Up to 30 individuals, including MPs and their agents, could face criminal charges during the general election campaign following allegations of ‘systematic’ Tory electoral fraud and overspending.
The revelation comes the day after the prime minister called an early general election, ostensibly blaming Labour and the Liberal Democrats for attempting to thwart Brexit.
However, former UKIP leader Nigel Farage said the Tories were “terrified of something breaking”, implying they had called the election to pre-empt a series of by-elections relating to the fraud allegations.
The Crown Prosecution Service (CPS) revealed the possible prosecutions to Channel 4 News last night, insisting they will continue to pursue the cases and the snap General Election announcement has no impact on them whatsoever.
The deadlines on whether or not to bring charges expire towards the end of May and early June, a CPS spokesman added.
— BBC News (UK) (@BBCNews) April 19, 2017
Veteran Labour MP Dennis Skinner also picked up on the building controversy over the timing of the elction announcement, calling on the Prime Minister to confirm that no member who was under investigation by the police would stand again in the June vote. The Prime Minister side-stepped the question, replying she would “stand by” all Conservative members of the house who sought re-election.
Commenting on the fraud allegation and the early election, Mr. Farage said on his LBC radio show Tuesday night:
“I think the Tories were terrified of something breaking over the course of the next few months, by-elections to be held in September, certainly a dozen seats in which there was the possibility of a by-election – some say even 20. And that for a government with a working majority of 12.”
— Nigel Farage (@Nigel_Farage) April 18, 2017
Many of the allegations are likely to relate to a set of election campaign “battle” buses organised by disgraced former Conservative Party candidate Mark Clarke.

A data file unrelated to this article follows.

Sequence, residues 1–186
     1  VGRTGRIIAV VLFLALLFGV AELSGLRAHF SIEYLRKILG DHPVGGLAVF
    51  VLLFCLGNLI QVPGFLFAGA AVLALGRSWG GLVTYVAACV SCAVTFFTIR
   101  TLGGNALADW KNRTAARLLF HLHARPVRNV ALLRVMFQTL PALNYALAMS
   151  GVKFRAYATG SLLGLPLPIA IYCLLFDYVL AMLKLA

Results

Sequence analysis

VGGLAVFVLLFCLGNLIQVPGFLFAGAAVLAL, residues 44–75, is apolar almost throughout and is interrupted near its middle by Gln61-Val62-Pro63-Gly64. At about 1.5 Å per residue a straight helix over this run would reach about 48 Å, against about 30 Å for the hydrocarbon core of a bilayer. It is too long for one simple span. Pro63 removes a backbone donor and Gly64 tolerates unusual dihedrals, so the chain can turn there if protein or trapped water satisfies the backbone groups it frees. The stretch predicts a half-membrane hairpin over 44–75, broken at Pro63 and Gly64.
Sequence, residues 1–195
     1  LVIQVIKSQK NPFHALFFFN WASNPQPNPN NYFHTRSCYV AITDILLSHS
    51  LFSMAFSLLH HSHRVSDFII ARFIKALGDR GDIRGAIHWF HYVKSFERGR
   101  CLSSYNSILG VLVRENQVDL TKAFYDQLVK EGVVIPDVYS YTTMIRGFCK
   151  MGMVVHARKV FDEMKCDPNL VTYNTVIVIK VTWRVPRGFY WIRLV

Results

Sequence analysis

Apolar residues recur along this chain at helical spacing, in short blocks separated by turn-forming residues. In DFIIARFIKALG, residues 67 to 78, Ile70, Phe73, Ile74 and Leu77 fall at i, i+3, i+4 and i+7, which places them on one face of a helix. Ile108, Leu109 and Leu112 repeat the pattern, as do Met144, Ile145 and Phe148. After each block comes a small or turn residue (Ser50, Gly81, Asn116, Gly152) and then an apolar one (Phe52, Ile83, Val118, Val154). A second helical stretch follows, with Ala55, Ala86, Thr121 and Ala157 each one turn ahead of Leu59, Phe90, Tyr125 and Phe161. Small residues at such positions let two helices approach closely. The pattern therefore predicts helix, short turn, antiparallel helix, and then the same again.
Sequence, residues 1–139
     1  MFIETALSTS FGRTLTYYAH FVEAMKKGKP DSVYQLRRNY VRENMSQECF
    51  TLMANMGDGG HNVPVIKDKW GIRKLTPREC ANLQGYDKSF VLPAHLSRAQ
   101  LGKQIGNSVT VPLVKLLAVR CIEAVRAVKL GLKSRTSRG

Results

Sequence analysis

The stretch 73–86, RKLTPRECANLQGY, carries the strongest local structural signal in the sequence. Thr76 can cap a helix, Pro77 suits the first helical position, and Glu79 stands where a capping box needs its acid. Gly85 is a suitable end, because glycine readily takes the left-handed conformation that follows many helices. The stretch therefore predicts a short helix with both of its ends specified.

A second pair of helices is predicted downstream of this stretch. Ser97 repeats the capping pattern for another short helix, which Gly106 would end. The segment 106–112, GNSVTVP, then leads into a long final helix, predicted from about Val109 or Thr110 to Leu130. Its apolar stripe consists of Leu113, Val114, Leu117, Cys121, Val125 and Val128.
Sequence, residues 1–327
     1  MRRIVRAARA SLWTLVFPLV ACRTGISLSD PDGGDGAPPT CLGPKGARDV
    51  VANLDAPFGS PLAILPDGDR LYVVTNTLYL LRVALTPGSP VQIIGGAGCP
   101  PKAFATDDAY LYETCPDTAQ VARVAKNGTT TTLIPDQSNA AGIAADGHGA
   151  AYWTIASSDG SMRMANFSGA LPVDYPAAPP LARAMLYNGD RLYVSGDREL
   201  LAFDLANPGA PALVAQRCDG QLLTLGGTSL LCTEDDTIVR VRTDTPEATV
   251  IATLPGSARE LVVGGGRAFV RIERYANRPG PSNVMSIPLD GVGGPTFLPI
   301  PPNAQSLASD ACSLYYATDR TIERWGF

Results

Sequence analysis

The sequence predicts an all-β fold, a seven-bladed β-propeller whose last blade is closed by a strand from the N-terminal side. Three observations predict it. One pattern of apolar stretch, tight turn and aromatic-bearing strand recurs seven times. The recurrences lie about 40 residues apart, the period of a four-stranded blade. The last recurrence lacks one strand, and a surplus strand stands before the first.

The running costs of the buses and associated hotel bills appeared on the Tories’ national expenses return. But the CPS thinks they should have been charged to individual Conservative candidates and their campaigns.
Labour MPs were quick to link the alleged scandal to Prime Minister Theresa May’s surprise decision to call a snap election on Tuesday.
“Could this be another reason for Mrs May breaking her promise not to hold an early election?” questioned Labour MP Ben Bradshaw on Twitter. “Explains why the PM changed her mind to call an early, unnecessary general election”, added Mary Creagh, the Labour MP for Wakefield.
One of the first to make the allegation, however, was current UKIP leader Paul Nuttall, who made the suggestion in a statement shortly after Mrs. May announced the nation would be going to the polls for the third time in three years.
“There is also the prospect of a slew of Tory-held by-elections caused by the seeming systematic breach of electoral law at the last election, predominantly in places where UKIP were pressing the Conservatives hard,” he said in the statement.
Deputy UKIP leader Peter Whittle also said the decision was “utterly cynical”, claiming there was “no question” the Tories were acting in their own self-interest.
Some of the most serious alleged Tory overspending happened in South Thanet, where former UKIP leader Nigel Farage stood against the Conservatives – who spent £15,000 on one hotel alone.
The Conservatives were fined a record £70,000 on 16 March 2017 over missing and unreported payments, with the Electorial Commission claiming the rule breaking gave them a “realistic prospect” of an unfair advantage over UKIP in the seat.
Mr. Farage has said he would stand again in the seat if there was a by-election but is yet to confirm if he will stand in June’s general election.
Home Secretary Amber Rudd denied last night that the prospect of a series of by-elections was the reason the general election was called. Asked by Channel 4 News if MPs charged in connection with these cases should step aside, she said:
“We’re not trying to get in the way at all of the proper due process of law, that must go ahead, but we believe that the Conservatives and the MPs in question and the agents have behaved properly.
“If there are any conclusions to the contrary, we will pay the fines, whatever is appropriate.”